Does Air Pollution Lower Productivity? Evidence from Manufacturing in India. (Job Market Paper)
This paper analyzes how air pollution affects manufacturing productivity in India and the degree to which industries vary in their sensitivity to air pollution. Determining optimal environmental policy is especially challenging when the damages from pollution are varied and difficult to measure. I illustrate the impact of pollution on productivity and output with a model of production where pollution damages inputs and firms may adapt. With an administrative panel of manufacturing firms and comprehensive geospatial data on weather and air quality, I estimate the effect of air pollution on industrial productivity using wind velocity as an instrument for pollution. I find that air pollution substantially lowered productivity among industries with labor intensive technologies, yet it had little average effect across all industries. To understand the sources of heterogeneity in the impact of air pollution on productivity, I extend the model and show that industries' technologies can modify the damages from pollution on inputs to production. I bring the theory to the data and find that a one standard deviation increase in the labor intensity of production led to a 0.6 percentage point more negative impact of pollution on productivity. The estimates imply that regulation abating excess pollution would have raised profits 1.1% among adversely affected industries but only 0.3% on average.
The Impact of Maritime Emissions Standards on Air Quality and Infant Health.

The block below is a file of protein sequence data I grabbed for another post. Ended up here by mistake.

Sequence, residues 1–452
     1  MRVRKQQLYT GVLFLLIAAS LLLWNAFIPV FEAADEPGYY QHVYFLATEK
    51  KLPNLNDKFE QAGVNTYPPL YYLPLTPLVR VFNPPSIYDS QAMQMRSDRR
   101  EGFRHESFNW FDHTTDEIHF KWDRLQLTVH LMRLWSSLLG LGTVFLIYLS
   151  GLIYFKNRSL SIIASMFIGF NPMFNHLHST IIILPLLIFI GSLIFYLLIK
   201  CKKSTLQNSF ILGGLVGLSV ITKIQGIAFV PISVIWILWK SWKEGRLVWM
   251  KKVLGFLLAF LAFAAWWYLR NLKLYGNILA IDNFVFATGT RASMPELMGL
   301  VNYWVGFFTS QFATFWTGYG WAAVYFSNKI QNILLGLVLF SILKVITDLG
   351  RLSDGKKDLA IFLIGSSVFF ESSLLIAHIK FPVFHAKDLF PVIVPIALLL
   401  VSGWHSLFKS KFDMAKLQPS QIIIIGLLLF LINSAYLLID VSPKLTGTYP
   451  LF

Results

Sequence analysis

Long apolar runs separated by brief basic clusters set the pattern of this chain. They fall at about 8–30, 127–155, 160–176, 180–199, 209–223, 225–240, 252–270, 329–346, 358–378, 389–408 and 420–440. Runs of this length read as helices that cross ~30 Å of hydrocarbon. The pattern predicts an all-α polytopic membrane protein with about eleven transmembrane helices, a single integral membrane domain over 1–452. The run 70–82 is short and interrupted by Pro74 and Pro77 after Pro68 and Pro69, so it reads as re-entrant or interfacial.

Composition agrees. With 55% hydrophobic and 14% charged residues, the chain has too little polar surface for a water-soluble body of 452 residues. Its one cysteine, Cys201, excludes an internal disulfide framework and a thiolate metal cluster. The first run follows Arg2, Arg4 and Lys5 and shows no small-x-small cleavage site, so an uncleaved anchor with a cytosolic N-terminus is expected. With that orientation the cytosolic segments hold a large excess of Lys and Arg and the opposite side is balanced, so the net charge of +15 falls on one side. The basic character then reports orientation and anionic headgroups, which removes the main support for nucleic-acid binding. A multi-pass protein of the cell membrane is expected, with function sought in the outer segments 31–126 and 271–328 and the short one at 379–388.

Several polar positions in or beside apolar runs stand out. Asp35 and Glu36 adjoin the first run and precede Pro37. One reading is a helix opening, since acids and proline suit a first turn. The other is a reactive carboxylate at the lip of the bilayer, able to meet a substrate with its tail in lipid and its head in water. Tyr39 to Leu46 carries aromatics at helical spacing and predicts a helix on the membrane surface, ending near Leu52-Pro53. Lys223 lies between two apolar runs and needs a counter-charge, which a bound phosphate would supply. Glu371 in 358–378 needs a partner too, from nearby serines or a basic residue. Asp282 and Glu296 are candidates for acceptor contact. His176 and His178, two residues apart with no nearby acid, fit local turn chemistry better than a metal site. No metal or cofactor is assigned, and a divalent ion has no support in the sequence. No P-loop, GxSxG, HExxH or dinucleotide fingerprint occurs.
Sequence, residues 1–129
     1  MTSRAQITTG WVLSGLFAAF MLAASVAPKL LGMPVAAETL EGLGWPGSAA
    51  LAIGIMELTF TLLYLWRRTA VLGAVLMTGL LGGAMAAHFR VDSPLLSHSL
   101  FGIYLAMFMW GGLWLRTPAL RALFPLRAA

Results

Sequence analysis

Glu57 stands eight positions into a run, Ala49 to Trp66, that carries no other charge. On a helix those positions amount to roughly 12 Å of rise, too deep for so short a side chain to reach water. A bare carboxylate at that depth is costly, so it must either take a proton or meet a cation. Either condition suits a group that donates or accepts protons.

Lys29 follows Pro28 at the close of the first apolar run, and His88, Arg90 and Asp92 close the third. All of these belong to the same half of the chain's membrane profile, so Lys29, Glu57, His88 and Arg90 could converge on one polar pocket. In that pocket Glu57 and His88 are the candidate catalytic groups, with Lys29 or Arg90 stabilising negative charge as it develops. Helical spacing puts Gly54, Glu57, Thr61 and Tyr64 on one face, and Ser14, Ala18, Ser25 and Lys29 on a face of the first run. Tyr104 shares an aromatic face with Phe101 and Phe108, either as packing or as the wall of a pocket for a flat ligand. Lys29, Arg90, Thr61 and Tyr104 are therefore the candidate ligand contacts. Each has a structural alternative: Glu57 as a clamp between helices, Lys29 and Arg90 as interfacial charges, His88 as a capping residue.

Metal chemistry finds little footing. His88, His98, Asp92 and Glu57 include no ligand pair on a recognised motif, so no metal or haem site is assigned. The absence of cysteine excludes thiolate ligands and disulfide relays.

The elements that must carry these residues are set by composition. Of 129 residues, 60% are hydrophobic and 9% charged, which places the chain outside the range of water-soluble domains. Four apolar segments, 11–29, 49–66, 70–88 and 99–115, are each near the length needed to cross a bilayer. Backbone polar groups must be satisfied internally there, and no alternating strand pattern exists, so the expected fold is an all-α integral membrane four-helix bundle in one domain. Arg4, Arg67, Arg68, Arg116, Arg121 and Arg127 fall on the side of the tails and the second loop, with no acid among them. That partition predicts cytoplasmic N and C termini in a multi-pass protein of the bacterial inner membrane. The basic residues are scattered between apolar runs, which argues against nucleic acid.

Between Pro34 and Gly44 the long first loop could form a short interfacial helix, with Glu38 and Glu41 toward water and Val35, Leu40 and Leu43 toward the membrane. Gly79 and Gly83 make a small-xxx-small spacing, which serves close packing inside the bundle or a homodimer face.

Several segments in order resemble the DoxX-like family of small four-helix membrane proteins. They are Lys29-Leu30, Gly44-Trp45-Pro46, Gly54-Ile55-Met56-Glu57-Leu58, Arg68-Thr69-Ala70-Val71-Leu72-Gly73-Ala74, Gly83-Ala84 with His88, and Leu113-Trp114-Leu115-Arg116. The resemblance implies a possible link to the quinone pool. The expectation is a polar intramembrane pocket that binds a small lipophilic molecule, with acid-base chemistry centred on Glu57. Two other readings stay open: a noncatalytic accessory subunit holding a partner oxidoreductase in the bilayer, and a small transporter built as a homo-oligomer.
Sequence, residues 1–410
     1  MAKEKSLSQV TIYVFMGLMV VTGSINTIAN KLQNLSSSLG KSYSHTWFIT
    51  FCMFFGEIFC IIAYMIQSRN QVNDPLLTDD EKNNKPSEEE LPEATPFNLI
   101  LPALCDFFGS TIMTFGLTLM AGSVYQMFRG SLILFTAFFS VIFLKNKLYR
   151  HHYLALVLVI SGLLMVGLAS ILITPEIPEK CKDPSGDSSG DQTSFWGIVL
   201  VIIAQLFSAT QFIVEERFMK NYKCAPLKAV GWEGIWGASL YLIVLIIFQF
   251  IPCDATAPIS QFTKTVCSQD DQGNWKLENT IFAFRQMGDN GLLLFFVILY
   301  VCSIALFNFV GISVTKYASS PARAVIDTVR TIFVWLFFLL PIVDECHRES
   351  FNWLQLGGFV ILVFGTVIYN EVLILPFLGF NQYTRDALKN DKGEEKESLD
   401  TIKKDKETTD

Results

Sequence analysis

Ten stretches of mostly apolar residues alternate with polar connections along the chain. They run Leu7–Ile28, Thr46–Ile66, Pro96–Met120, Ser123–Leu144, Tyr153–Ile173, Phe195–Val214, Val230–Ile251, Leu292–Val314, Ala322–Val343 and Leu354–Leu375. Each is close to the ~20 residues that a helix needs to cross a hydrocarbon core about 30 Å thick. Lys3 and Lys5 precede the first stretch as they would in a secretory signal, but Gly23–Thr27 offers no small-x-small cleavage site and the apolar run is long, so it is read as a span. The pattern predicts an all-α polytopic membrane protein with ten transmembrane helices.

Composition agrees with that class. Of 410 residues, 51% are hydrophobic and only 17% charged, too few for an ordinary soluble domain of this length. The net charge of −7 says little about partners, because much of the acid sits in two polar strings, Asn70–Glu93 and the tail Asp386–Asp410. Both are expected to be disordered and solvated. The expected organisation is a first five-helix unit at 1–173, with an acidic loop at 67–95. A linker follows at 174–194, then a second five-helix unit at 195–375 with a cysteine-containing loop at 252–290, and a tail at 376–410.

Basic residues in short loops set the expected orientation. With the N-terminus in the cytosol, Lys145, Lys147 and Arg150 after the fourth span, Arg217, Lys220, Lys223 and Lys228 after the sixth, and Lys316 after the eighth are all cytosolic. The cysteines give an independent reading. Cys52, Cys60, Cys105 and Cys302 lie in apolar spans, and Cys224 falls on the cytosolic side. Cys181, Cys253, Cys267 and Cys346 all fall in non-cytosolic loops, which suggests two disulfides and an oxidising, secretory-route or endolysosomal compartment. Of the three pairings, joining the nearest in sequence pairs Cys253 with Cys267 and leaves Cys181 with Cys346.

with Michelle Marcus.
The bulk of ship traffic occurs near coastlines and pollution from ship exhaust is a major component of poor air quality on populated US coasts. In this paper, we measure the effect of maritime fuel emissions standards on air quality and infant health.
We employ the predictions of an atmospheric aerosol transport model to form a rigorous scientific prior on the change in air pollution from maritime emissions standards at a given location accounting for the atmospheric dispersion, disposition, and chemical interactions of pollution once emitted. We combine these predictions with administrative data of air quality and births to estimate the policy’s outcomes and to directly compare the ex-post changes in air pollution from the policy with the ex-ante scientific predictions. We find that the introduction of maritime emissions control areas around the US West Coast led to a substantial 49% average fall in sulfur dioxide concentrations as well as a 6.3% fall in fine particulate matter and 5.7% fall in coarse particulate matter. Consistent with the air quality improvements, we find a 2.8% average reduction in the incidence of low infant birth weight due to the policy. While we cannot reject that the ex-ante and ex-post estimates are the same, we estimate that roughly 91% of the intended fine particulate matter improvements were actualized.
Papers and Publications
Terrorism, Geopolitics, and Oil Security: Using Remote Sensing to Estimate Oil Production of the Islamic State.
with Do, Quy-Toan, Jacob N. Shapiro, Christopher D. Elvidge, Mohamed Abdel-Jelil, Daniel P. Ahn, Kimberly Baugh, and Mikhail Zhizhin, and Morgan D. Bazilian. Energy Research & Social Science. 2018.
How Much Oil is the Islamic State Group Producing?: Evidence from Remote Sensing.
with Do, Quy-Toan, Jacob N. Shapiro, Christopher D. Elvidge, Mohamed Abdel-Jelil, Daniel P. Ahn, Kimberly Baugh, and Mikhail Zhizhin. Policy Research Working Paper; No. 8231. World Bank, Washington, DC. 2017.
Understanding the Daesh Economy.
with Jacob N. Shapiro. Perspectives on Terrorism, 9(4). 2015.
Connecting the Red Corridor: Infrastructure Development In Conflict Zones.
with Oliver Vanden Eynde, Austin L. Wright, and Jacob N. Shapiro. International Growth Center Working Paper. 2015.
Informal Trading Networks in West Africa: The Mourides of Senegal/Gambia and the Yoruba of Benin/Nigeria.
with Steve Golub. Chapter 8 in The Informal Sector in Francophone Africa: Firm Size, Productivity, and Institutions, edited by Nancy Benjamin and Ahmadou Aly Mbaye, The World Bank, Washington, DC. 2012.